FIG. 2 is a schematic flow diagram of a portion of the apparatus for receiving the rubber process oil and for distilling such oil to obtain a reusable petroleum based, rubber extender/plasticizing agent;
FIG. 3 is a schematic flow diagram of the apparatus for receiving the pyrolytic gas, storing the gas and utilizing the gas for multi-purposes;
FIG. 4 is a schematic representation of an elevational view of a reactor filled with a column of small pieces of used automobile rubber tires for processing to obtain pyrolytic gases, entrained rubber process oils and solid carbon/ash residue;
FIG. 5 is a horizontal cross sectional view taken along line 5--5 in FIG. 4 showing an outlet manifold system for removing the pyrolytic gases and entrained rubber process oils at evenly spaced locations about the periphery of the reactor;
FIG. 6 is a fragmentary isolated view of a single outlet of the manifold system illustrated in FIG. 5; and
FIG. 7 is a fragmentary isolated view of a single outlet for receiving the pyrolytic gases and entrained rubber process oils in which the outlet has a projecting element that extends inward into the reactor for removing the gases at evenly spaced angular positions spaced from the inner wall of the reactor.
The following disclosure of the invention is submitted in furtherance with the constitutional purpose of the Patent Laws "to promote the progress of science and useful arts" (Article 1, Section 8).
Referring now to FIG. 1, there is illustrated in schematic flow diagram for an apparatus for recycling used automobile, vulcanized styrene-butadiene rubber (SBR) tires to obtain a rubber processing oil from the tires that is reusable as a rubber extender/plasticizing agent. The apparatus is generally designated with the numeral 10. The apparatus is designed to process small pieces 12 of used automobile, vulcanized styrene-butadiene rubber tires. The pieces should be no larger than 0.50-2.0 inches in a major dimension with most of the metal material (belting and beads) removed. Preferably the small pieces should be between 0.75 and 2.0 inches in their major dimensions. Optimally the same pieces should have a major dimension of between 0.75 and 1.75 inches. The small pieces are frequently referred to as tire chips.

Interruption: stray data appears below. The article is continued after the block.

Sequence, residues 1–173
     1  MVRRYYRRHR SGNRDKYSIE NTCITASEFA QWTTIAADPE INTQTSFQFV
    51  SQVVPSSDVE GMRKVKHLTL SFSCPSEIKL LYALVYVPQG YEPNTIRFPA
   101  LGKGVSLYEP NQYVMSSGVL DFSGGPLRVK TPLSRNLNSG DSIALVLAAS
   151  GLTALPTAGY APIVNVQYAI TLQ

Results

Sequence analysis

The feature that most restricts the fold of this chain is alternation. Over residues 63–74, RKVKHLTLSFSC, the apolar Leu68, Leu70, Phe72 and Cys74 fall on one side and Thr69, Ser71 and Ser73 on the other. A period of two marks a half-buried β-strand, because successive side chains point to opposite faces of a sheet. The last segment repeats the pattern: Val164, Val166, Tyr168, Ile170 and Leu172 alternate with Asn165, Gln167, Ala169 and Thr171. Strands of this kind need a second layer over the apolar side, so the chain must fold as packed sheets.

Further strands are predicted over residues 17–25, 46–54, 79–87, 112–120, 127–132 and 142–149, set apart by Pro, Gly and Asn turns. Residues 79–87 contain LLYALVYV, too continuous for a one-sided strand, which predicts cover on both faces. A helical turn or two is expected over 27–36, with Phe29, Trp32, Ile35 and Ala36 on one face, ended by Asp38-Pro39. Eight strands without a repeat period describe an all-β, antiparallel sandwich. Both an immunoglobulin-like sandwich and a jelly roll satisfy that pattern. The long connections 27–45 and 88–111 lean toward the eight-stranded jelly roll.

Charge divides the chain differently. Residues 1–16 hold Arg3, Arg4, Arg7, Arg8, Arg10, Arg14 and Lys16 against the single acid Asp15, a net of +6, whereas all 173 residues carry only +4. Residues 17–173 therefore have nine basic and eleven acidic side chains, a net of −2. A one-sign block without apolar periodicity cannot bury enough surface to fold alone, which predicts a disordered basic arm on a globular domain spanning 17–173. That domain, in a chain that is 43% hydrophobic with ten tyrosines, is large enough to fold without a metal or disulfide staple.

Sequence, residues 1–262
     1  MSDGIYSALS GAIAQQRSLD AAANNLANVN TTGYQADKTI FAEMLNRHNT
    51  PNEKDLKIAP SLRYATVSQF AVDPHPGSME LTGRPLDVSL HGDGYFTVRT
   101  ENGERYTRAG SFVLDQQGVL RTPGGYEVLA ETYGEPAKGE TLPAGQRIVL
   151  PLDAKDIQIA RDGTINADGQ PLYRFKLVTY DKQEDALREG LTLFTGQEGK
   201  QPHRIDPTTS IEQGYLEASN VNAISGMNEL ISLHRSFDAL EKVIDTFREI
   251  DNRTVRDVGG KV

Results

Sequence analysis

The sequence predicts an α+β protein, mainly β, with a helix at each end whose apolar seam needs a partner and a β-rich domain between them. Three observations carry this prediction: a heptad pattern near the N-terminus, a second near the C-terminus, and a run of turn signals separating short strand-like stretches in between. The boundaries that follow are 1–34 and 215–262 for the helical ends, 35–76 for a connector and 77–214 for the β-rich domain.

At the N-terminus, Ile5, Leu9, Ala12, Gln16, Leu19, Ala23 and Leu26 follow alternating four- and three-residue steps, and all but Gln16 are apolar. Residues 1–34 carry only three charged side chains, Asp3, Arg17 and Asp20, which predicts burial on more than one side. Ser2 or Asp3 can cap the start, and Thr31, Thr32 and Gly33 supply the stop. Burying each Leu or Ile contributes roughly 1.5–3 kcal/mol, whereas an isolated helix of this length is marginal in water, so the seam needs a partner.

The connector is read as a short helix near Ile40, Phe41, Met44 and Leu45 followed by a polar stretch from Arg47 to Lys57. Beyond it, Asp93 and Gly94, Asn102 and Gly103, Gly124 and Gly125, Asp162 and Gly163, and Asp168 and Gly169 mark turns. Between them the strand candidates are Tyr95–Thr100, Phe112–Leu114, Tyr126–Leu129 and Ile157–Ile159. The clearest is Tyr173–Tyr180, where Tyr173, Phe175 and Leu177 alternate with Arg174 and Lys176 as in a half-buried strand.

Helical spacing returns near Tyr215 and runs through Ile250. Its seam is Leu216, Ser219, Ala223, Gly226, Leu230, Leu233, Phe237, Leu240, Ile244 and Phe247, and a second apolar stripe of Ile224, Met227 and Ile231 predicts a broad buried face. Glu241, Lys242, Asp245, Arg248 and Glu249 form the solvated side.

One of the principal components of the apparatus 10 is an enclosed vertically-oriented reactor 14 that has an upper end 16 and a lower end 18. As illustrated in FIG. 4, the reactor includes a grate 20 for supporting a vertical column 32 of the small pieces within the reactor 14. The reactor 14 has vertical sidewalls 22 that extend upward from the grate 20 to the upper end 16. At the upper end 16 there is a feed means generally designated with the numeral 24 for successively feeding the small rubber pieces 12 into the reactor to form the vertical column 32. The feed means 24 includes a hopper 26 for receiving small pieces 12 from some type of conveying system. Below the hopper 26 is provided two airlock valves 28 and 30 that are sequentially operated to charge the reactor 14 with the small rubber pieces 12 in a designed sequence and rate to maintain a top layer 34 of the vertical column 32 above a desired elevation particularly the gaseous outlet.
The grate 20 includes a means 36 for vibrating the grate 20 to facilitate the downward descent of the pieces 12 as they are being decomposed and to minimize any bridging or coagulation of solid residue such as carbon, ash, fibers, and metal. A solid residue collector 40 is positioned below the grate 20 to receive the solid residue. The collector includes a solid conveyor 42 with an auger 44 for conveying the solid residue from the reactor. The apparatus and the process is designed so that the reactor 14 operates in a continuous countercurrent fashion in which the solid materials progressively move downwardly and the gaseous materials progressively moves upward. Such a reactor 14 is frequently referred to as a "up-take" reactor.